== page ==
Ecologically, the fixes involved two levels. At the level of the fish, the measures aimed to prevent salmon from catching diseases by establishing lower density levels per farm, implementing health management practices that included the use of antibiotics, and introducing genetic modifications to increase salmon resistance. At the level of the ecosystem, the regulations called for mandatory rest periods during the growth stage after each harvest to allow time for ecosystems to recover, and for a mandatory shift of the pisciculture stage to closed pool systems. Currently, firms are exploring offshore and land-based growing stages to minimize the ecological impact on the sea.
Despite the institutional changes that were implemented to address the crises, the ecological contradictions associated with salmon production remain. This is because the purpose of the reforms was to secure the continuity of the industry and not to mitigate its ecological impact. This is important because spatial and ecological solutions are deeply connected in the building of a landscape of accumulation that replicates more traditional extractive industries, such as mining.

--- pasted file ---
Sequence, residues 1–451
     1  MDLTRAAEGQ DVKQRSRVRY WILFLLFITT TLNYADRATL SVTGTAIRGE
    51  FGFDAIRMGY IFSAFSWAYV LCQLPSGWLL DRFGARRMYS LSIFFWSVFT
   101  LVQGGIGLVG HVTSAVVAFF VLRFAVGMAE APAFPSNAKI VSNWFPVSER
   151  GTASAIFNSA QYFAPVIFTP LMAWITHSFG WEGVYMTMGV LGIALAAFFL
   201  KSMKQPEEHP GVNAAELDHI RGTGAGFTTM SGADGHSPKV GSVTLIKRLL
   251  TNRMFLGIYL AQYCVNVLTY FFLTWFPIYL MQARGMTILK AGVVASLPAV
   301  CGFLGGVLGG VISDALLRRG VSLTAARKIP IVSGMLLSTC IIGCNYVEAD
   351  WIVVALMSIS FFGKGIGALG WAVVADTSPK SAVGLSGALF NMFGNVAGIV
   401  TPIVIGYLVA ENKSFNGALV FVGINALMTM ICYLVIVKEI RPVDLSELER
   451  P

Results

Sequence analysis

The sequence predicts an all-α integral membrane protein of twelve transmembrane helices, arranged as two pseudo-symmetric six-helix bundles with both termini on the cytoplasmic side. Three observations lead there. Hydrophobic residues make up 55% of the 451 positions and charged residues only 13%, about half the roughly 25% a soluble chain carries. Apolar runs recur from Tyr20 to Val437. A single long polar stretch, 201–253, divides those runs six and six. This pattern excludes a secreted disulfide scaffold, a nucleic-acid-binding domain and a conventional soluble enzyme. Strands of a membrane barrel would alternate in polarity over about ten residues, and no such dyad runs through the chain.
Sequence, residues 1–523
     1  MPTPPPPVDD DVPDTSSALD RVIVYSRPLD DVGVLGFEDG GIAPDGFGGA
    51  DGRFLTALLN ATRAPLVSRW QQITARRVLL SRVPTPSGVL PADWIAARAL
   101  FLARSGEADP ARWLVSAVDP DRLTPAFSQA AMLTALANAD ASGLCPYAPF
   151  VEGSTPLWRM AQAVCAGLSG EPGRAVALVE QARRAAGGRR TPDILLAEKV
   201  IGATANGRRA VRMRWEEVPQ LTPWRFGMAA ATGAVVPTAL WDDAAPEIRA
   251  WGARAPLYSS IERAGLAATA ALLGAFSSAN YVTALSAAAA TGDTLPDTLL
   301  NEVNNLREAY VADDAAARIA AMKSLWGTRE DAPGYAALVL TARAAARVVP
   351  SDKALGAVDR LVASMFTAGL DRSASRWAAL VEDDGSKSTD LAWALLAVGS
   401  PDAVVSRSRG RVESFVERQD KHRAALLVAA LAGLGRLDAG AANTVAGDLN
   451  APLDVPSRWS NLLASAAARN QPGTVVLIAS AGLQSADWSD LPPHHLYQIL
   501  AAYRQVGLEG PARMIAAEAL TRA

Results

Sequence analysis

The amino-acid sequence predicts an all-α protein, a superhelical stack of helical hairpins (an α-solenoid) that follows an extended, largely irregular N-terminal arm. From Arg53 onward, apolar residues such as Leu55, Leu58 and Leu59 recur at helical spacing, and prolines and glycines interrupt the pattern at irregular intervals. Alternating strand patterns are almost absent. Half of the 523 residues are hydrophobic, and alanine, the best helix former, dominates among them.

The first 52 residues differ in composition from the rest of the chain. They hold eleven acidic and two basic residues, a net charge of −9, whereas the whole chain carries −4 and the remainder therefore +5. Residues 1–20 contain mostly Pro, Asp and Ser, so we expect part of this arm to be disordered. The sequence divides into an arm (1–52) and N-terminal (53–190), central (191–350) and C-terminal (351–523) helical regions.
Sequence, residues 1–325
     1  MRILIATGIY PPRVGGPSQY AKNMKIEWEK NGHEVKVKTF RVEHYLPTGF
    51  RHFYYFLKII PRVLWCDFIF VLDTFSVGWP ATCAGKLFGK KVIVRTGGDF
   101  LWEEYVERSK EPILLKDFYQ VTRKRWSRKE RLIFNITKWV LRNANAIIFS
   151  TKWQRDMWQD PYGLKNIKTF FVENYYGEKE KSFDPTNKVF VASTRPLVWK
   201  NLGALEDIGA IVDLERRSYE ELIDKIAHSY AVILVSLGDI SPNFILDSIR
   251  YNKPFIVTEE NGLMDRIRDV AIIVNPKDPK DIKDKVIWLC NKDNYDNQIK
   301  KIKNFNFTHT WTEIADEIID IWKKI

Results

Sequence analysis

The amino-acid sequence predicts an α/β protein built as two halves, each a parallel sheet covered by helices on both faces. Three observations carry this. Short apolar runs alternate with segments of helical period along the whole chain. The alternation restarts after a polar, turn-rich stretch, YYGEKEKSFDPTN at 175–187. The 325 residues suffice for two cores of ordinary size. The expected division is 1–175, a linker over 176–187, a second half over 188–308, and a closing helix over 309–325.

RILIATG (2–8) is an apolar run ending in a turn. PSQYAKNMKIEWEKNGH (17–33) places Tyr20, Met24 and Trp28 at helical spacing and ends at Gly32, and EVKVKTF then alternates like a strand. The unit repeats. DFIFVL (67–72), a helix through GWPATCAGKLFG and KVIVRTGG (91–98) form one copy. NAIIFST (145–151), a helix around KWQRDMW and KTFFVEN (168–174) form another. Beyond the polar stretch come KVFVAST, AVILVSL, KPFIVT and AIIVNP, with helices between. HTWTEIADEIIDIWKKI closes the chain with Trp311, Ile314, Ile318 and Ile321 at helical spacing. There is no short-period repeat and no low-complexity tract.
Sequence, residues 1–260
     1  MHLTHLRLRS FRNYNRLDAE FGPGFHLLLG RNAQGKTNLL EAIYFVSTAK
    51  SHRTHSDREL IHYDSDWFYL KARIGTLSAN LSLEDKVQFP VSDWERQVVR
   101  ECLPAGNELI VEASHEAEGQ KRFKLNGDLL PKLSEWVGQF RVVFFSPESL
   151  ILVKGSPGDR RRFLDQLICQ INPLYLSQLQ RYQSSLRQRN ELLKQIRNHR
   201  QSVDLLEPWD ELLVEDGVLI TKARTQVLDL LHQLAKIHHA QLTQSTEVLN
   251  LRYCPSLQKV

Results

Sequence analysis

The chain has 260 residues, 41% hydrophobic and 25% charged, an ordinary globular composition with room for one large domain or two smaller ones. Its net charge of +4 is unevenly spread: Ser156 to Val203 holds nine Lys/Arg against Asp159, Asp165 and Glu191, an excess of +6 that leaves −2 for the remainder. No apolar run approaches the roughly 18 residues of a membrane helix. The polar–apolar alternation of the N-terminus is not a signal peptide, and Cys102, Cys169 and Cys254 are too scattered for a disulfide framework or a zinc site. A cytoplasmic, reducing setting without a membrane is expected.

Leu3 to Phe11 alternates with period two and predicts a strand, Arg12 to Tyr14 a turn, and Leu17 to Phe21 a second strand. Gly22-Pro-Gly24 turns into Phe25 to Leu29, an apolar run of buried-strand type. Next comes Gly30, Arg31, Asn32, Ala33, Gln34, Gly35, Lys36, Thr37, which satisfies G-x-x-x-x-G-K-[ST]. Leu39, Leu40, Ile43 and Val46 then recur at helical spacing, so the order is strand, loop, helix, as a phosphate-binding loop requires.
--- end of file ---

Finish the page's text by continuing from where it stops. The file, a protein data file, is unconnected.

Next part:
Which is why when, in 2016, an algae bloom occurred, the industry once again faced significant losses (85,000 tons of salmon died, causing net losses over $US100 million). The 2016 algae bloom was actually two consecutive events: the first, in January–February, killed the salmon; the second, in March–April, was a more familiar and frequent algae known as red tide. This one affected fishermen because the government responded with a prohibition against fishing and shellfish harvesting.